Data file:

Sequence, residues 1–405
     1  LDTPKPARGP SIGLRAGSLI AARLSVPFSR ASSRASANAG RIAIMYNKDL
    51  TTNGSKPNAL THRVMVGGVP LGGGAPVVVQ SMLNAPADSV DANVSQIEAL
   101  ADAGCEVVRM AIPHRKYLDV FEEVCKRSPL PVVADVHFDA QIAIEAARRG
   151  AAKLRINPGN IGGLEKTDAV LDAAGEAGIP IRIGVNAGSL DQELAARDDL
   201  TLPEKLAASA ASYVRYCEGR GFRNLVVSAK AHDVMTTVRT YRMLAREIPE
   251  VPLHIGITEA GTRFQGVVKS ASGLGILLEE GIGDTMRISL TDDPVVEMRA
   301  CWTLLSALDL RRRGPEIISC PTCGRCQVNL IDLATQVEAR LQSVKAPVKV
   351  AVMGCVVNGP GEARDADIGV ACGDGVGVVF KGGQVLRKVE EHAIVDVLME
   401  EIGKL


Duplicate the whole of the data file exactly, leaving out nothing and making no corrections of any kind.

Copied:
Sequence, residues 1–405
     1  LDTPKPARGP SIGLRAGSLI AARLSVPFSR ASSRASANAG RIAIMYNKDL
    51  TTNGSKPNAL THRVMVGGVP LGGGAPVVVQ SMLNAPADSV DANVSQIEAL
   101  ADAGCEVVRM AIPHRKYLDV FEEVCKRSPL PVVADVHFDA QIAIEAARRG
   151  AAKLRINPGN IGGLEKTDAV LDAAGEAGIP IRIGVNAGSL DQELAARDDL
   201  TLPEKLAASA ASYVRYCEGR GFRNLVVSAK AHDVMTTVRT YRMLAREIPE
   251  VPLHIGITEA GTRFQGVVKS ASGLGILLEE GIGDTMRISL TDDPVVEMRA
   301  CWTLLSALDL RRRGPEIISC PTCGRCQVNL IDLATQVEAR LQSVKAPVKV
   351  AVMGCVVNGP GEARDADIGV ACGDGVGVVF KGGQVLRKVE EHAIVDVLME
   401  EIGKL